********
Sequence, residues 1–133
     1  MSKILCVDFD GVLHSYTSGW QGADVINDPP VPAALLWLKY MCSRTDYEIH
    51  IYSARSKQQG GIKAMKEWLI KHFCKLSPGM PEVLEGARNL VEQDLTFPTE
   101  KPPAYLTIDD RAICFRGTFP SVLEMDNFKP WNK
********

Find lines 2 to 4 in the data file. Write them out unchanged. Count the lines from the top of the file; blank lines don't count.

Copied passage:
     1  MSKILCVDFD GVLHSYTSGW QGADVINDPP VPAALLWLKY MCSRTDYEIH
    51  IYSARSKQQG GIKAMKEWLI KHFCKLSPGM PEVLEGARNL VEQDLTFPTE
   101  KPPAYLTIDD RAICFRGTFP SVLEMDNFKP WNK